Remember the last time a client, a boss or a co-worker gave you a hand-written thank-you note to tell you you’re doing a good job? Maybe someone at work has surprised you with flowers, an unexpected gift or a bonus. Has a vendor ever slipped you a gift card worth the price of a cup of fancy coffee, just to show appreciation for your loyalty?
It felt good. It might even have prompted you to keep up the good work. You might have thought back to that gesture when you toyed with moving to a different company or switching to a cheaper vendor.
Your gesture of appreciation doesn’t have to be a gift. Simply saying “thank you” can go a long way toward improving employee morale, retaining valuable staff members and keeping your clients coming back. In fact, in survey after survey, more than 20 percent of employees have said:
- If they don’t feel recognized for doing good work, they have recently applied for a different job—compared with 12 percent of employees who do feel recognized.
- More appreciation from bosses would make them happier at work.
- They prefer written or oral “thank yous” over extra time off or gifts.
Saying “thank you” is a simple but powerful gesture. And it can lay the foundation for a positive relationship with bosses, subordinates and co-workers when the time comes for you to ask someone to go the extra mile.
Showing appreciation builds goodwill. People appreciate being appreciated. Someone who feels appreciation from you is more likely to return the gesture by agreeing to your requests. They want to let you know that they appreciate you, too.
Professional salespeople—at least the good ones—know this. They keep in touch with their customers long after they have made the sale. They thank them for their business. They check later to ask if the customers are happy with their major purchases. They ask what else the customer might need that they can offer.
It’s all part of creating a “customer for life,” and it’s a strategy that any employee, manager or vendor can imitate in an effort to create good working relationships and agreeable clients, staff and co-workers.
Consider the late Bob Bergland, a former U.S. Secretary of Agriculture and member of Congress who later worked as the general manager of an association with hundreds of employees. He was known for making the effort to learn the names of as many of those employees as he could, and for taking the time to stroll around the building every now and then to shake their hands and thank them for their service—by name.
When it came time for him to ask employees to go the extra mile, they were happy to return that goodwill.
I can share a practice of my own that works for me: As a small business owner, I hand-write thank-you notes on fancy paper and mail them in time for Thanksgiving delivery each year to every client, employee and vendor I have ever done business with—even former ones.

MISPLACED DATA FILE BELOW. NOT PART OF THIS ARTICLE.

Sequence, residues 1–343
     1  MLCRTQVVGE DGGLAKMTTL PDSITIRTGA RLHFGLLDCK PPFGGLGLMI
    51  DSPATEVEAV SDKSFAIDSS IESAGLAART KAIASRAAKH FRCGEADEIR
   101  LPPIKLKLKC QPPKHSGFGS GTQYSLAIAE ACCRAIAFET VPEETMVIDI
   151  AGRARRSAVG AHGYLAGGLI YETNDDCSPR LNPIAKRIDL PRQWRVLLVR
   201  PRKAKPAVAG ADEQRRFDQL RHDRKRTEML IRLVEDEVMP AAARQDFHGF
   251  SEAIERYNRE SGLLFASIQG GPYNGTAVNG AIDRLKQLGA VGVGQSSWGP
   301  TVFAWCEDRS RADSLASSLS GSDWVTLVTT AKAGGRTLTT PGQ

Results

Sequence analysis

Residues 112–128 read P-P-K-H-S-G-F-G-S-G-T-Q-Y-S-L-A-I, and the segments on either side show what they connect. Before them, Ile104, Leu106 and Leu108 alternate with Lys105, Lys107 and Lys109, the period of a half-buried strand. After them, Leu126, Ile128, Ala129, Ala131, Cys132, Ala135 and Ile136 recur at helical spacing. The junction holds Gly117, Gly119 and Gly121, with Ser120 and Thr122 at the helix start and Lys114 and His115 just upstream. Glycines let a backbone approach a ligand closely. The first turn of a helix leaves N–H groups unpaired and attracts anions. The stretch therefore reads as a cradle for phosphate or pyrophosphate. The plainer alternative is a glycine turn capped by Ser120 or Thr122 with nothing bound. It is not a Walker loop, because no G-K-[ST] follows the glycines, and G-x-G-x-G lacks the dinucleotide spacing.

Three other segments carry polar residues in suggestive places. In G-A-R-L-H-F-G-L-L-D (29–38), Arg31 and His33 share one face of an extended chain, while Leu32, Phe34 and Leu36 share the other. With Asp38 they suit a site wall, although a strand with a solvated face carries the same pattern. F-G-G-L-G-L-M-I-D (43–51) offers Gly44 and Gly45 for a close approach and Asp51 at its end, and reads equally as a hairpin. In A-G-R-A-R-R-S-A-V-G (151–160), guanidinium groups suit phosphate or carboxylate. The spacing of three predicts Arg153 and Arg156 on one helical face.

When I find myself in need of a favor, a discount or a rush job, they’re happy to help me.
Especially if someone gives you something you really want, like a raise, a promotion, a job or new business, it’s important to show your gratitude. In fact, most hiring managers say they expect a thank-you email from every job applicant who got an interview.
Even if you didn’t get the raise or job you asked for, show your gratitude to the person who spent time and consideration on your request. And don’t show that gratitude just once. Continue to follow up with everyone who has helped you or considered it.
That kind of follow-up not only sets you up for positive results with this person in the future, but it signals that the professional relationship you want reaches far beyond a single transaction. It says you care enough to stay in touch.
You don’t have to spend a ton or money or time saying “thank you.” Simple gestures can be just as powerful as grand ones. For example:
- A note—handwritten or via email—that includes a specific reference to something the recipient did for you or talked to you about can elevate a casual business relationship to a more important one.
- After crashing on a deadline, an in-person pat on the back for a job well done—again, with specific mentions of achievements—lets an employee know that you notice and appreciate hard work.
- Posting a positive online review for a company or a service professional takes just minutes. But its impact can be enormous if it results in additional business for the vendor.
- Returning a favor after someone has done one for you tells the other person that the relationship is not one-sided.
- Some sincere words of appreciation can pick up an employee or coworker who is showing signs of burnout or depression.
- A gift card worth as little as $5 is still a gift. Hand them out to people who serve you year-round, like the person who delivers packages to your office, the agent at the rental-car company you frequent or the receptionist in the lobby of your building. Don’t wait for the holidays; make it a surprise.
When you say “thank you” to someone who said “yes” to a request, you pave the way for the next “yes.” Follow the lead of the most successful sales professionals whenever someone gives you something or does something for you: Realize that hearing a “yes” isn’t the end the deal. It’s the start of the next one.